Historians vs. George W. BushNews at Home
Mr. McElvaine teaches history at Millsaps College. He is the author of EVE'S SEED: BIOLOGY, THE SEXES AND THE COURSE OF HISTORY (McGraw-Hill).
Editor's Note 12-5-05: This article was first published 19 months ago. It was referred to in an article by Richard Reeves on Dec. 2, attracting wide notice. Readers are encouraged to post fresh comments by clicking on the link at the bottom of this page. (FYI: To see the graphics displayed on this page in a larger format click here.)
Although his approval ratings have slipped somewhat in recent weeks, President George W. Bush still enjoys the overall support of nearly half of the American people. He does not, however, fare nearly so well among professional historians.
A recent informal, unscientific survey of historians conducted at my suggestion by George Mason University’s History News Network found that eight in ten historians responding rate the current presidency an overall failure.
Of 415 historians who expressed a view of President Bush’s administration to this point as a success or failure, 338 classified it as a failure and 77 as a success. (Moreover, it seems likely that at least eight of those who said it is a success were being sarcastic, since seven said Bush’s presidency is only the best since Clinton’s and one named Millard Fillmore.) Twelve percent of all the historians who responded rate the current presidency the worst in all of American history, not too far behind the 19 percent who see it at this point as an overall success.
Among the cautions that must be raised about the survey is just what “success” means. Some of the historians rightly pointed out that it would be hard to argue that the Bush presidency has not so far been a political success—or, for that matter that President Bush has not been remarkably successful in achieving his objectives in Congress. But those meanings of success are by no means incompatible with the assessment that the Bush presidency is a disaster. “His presidency has been remarkably successful,” one historian declared, “in its pursuit of disastrous policies.” “I think the Bush administration has been quite successful in achieving its political objectives,” another commented, “which makes it a disaster for us.”
Additionally, it is, of course, as one respondent rightly noted, “way too early to make a valid comparison (we need another 50 years).” And such an informal survey is plainly not scientifically reliable. Yet the results are so overwhelming and so different from the perceptions of the general public that an attempt to explain and assess their reactions merits our attention. It may be, as one pro-Bush historian said in his or her written response to the poll, “I suspect that this poll will tell us nothing about President Bush’s performance vis-à-vis his peer group, but may confirm what we already know about the current crop of history professors.” The liberal-left proclivities of much of the academic world are well documented, and some observers will dismiss the findings as the mere rantings of a disaffected professoriate. “If historians were the only voters,” another pro-Bush historian noted, “Mr. Gore would have carried 50 states.” It is plain that many liberal academics have the same visceral reaction against the second President Bush that many conservatives did against his immediate predecessor.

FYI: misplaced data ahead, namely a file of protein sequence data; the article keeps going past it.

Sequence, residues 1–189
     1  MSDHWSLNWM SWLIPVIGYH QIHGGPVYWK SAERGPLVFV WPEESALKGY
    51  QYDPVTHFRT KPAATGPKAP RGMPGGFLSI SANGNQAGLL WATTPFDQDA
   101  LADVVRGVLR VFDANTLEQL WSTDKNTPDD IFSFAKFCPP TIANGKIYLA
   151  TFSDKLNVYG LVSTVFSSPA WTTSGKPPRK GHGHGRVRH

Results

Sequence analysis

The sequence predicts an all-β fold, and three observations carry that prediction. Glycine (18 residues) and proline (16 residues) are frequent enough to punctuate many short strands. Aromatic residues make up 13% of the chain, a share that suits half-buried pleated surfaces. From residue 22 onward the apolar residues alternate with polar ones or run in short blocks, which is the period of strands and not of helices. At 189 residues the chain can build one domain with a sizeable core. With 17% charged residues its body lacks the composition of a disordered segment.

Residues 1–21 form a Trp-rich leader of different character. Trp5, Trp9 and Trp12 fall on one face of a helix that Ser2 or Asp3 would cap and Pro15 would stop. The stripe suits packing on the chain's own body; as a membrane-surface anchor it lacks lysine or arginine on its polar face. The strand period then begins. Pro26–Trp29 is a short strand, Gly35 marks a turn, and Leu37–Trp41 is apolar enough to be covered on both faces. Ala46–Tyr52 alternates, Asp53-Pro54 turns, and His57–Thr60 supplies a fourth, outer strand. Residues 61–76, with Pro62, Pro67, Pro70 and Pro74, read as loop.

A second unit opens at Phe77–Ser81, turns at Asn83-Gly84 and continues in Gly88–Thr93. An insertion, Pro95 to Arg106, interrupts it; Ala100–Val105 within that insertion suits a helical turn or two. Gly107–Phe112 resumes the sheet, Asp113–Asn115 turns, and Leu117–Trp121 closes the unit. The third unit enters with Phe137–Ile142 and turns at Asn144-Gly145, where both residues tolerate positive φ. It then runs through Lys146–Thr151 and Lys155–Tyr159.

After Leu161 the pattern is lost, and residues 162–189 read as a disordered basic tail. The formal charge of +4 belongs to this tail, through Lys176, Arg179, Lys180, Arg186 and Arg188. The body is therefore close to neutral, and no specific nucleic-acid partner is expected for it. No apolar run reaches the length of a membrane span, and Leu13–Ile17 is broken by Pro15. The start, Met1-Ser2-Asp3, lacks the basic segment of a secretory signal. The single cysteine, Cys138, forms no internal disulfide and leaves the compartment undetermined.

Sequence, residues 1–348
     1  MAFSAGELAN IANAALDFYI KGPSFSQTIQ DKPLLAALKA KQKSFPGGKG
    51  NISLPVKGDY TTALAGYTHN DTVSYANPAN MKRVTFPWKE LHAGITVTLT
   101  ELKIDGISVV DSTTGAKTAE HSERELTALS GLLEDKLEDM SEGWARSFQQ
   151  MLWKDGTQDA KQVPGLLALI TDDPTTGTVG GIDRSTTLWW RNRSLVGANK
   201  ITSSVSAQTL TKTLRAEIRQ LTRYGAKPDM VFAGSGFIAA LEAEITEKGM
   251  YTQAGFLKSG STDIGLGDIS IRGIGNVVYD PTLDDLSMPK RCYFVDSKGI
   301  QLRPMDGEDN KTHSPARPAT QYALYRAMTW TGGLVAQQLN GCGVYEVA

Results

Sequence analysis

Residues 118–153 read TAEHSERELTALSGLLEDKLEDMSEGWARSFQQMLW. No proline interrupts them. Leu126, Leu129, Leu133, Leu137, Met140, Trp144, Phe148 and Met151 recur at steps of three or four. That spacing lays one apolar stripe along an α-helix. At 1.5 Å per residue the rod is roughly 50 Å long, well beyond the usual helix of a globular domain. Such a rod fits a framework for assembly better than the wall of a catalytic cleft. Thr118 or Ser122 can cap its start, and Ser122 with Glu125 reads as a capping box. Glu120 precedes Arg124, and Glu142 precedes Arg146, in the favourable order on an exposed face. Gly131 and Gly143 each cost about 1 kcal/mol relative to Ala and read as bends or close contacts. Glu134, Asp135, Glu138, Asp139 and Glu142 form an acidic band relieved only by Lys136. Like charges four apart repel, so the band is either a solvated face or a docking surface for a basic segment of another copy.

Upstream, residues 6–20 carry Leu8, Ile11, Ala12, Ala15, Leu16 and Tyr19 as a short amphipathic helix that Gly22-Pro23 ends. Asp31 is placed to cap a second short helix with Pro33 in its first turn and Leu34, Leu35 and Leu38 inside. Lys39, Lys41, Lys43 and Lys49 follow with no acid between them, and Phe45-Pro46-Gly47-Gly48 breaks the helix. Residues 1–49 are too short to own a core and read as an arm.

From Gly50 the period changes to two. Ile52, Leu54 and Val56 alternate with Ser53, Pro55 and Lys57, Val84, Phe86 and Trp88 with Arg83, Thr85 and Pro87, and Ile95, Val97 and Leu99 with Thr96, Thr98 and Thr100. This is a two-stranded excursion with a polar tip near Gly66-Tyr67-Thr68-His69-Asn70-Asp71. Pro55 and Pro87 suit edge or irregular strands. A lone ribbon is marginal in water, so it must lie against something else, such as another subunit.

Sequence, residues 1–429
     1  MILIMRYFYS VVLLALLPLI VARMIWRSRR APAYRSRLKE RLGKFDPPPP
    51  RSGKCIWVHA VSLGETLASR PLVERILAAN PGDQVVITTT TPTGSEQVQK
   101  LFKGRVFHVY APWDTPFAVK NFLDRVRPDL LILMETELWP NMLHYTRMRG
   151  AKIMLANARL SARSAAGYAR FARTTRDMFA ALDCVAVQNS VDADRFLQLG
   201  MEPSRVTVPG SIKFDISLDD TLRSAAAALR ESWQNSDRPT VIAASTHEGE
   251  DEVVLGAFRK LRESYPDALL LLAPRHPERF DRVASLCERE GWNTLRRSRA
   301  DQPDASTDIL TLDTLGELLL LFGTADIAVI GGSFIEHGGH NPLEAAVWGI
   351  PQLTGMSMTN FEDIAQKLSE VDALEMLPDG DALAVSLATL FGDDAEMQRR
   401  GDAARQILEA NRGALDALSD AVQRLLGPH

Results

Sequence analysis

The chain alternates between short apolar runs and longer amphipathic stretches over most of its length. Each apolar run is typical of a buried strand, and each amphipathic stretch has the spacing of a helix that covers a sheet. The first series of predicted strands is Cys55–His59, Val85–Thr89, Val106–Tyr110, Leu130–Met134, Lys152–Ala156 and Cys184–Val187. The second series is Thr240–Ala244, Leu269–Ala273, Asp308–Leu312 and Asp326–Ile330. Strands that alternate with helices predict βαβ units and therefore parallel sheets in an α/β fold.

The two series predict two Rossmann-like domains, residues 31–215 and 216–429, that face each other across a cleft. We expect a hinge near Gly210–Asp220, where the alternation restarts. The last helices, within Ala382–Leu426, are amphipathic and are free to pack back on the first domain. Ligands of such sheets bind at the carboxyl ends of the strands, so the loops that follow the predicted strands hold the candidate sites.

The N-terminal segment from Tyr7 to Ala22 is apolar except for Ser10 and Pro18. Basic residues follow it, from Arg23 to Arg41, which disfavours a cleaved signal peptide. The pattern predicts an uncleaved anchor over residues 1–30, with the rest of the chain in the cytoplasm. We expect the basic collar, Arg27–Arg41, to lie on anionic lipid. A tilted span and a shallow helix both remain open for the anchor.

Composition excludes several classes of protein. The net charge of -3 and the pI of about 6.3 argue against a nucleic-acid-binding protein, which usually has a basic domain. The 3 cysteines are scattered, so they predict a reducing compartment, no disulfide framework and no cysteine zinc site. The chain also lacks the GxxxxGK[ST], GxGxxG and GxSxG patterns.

Yet it seems clear that a similar survey taken during the presidency of Bush’s father would not have yielded results nearly as condemnatory. And, for all the distaste liberal historians had for Ronald Reagan, relatively few would have rated his administration as worse than that of Richard Nixon. Yet today 57 percent of all the historians who participated in the survey (and 70 percent of those who see the Bush presidency as a failure) either name someone prior to Nixon or say that Bush’s presidency is the worst ever, meaning that they rate it as worse than the two presidencies in the past half century that liberals have most loved to hate, those of Nixon and Reagan. One who made the comparison with Nixon explicit wrote, “Indeed, Bush puts Nixon into a more favorable light. He has trashed the image and reputation of the United States throughout the world; he has offended many of our previously close allies; he has burdened future generations with incredible debt; he has created an unnecessary war to further his domestic political objectives; he has suborned the civil rights of our citizens; he has destroyed previous environmental efforts by government in favor of his coterie of exploiters; he has surrounded himself with a cabal ideological adventurers . . . .”
Why should the views of historians on the current president matter?
I do not share the view of another respondent that “until we have gained access to the archival record of this president, we [historians] are no better at evaluating it than any other voter.” Academic historians, no matter their ideological bias, have some expertise in assessing what makes for a successful or unsuccessful presidency; we have a long-term perspective in which to view the actions of a current chief executive. Accordingly, the depth of the negative assessment that so many historians make of George W. Bush is something of which the public should be aware. Their comments make clear that such historians would readily agree with conclusion that then-Democratic presidential hopeful Richard Gephardt pronounced a few months ago: the presidency of George W. Bush is “a miserable failure.”
The past presidencies most commonly linked with the current administration include all of those that are usually rated as the worst in the nation’s history: Nixon, Harding, Hoover, Buchanan, Coolidge, Andrew Johnson, Grant, and McKinley. The only president who appeared prominently on both the favorable and unfavorable lists was Ronald Reagan. Forty-seven historians said Bush is the best president since Reagan, while 38 said he is the worst since Reagan. Almost all of the historians who rate the Bush presidency a success are Reagan admirers. Indeed, no other president (leaving aside the presumably mostly tongue-in-cheek mentions of Clinton) was named by more than four of the historians who took a favorable view of the current presidency.
Ronald Reagan clearly has become the sort of polarizing figure that Franklin Roosevelt was for an earlier generation—or, perhaps a better way to understand the phenomenon is that Reagan has become the personification of the pole opposite to Roosevelt. That polarization is evident in historians’ evaluations of George W. Bush’s presidency. “If one believes Bush is a ‘good’ president (or great),” one poll respondent noted, he or she “would necessarily also believe Reagan to be a pretty good president.” They also tend to despise Roosevelt. “There is no indication,” one historian said of Bush, “that he has advisors who are closet communist traitors as FDR had. Based on his record to date, history is likely to judge him as one of America’s greatest presidents, in the tradition of Washington and Lincoln.”